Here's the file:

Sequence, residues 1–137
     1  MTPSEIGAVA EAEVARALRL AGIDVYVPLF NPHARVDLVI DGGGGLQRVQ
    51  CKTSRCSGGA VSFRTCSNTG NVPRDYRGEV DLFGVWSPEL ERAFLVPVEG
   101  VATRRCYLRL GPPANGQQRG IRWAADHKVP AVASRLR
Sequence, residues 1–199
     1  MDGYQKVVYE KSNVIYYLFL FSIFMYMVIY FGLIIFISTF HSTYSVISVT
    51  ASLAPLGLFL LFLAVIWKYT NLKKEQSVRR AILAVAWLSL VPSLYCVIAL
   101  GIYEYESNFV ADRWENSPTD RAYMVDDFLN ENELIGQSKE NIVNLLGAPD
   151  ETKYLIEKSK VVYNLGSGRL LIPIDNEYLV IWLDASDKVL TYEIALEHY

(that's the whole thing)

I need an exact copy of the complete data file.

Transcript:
Sequence, residues 1–137
     1  MTPSEIGAVA EAEVARALRL AGIDVYVPLF NPHARVDLVI DGGGGLQRVQ
    51  CKTSRCSGGA VSFRTCSNTG NVPRDYRGEV DLFGVWSPEL ERAFLVPVEG
   101  VATRRCYLRL GPPANGQQRG IRWAADHKVP AVASRLR
Sequence, residues 1–199
     1  MDGYQKVVYE KSNVIYYLFL FSIFMYMVIY FGLIIFISTF HSTYSVISVT
    51  ASLAPLGLFL LFLAVIWKYT NLKKEQSVRR AILAVAWLSL VPSLYCVIAL
   101  GIYEYESNFV ADRWENSPTD RAYMVDDFLN ENELIGQSKE NIVNLLGAPD
   151  ETKYLIEKSK VVYNLGSGRL LIPIDNEYLV IWLDASDKVL TYEIALEHY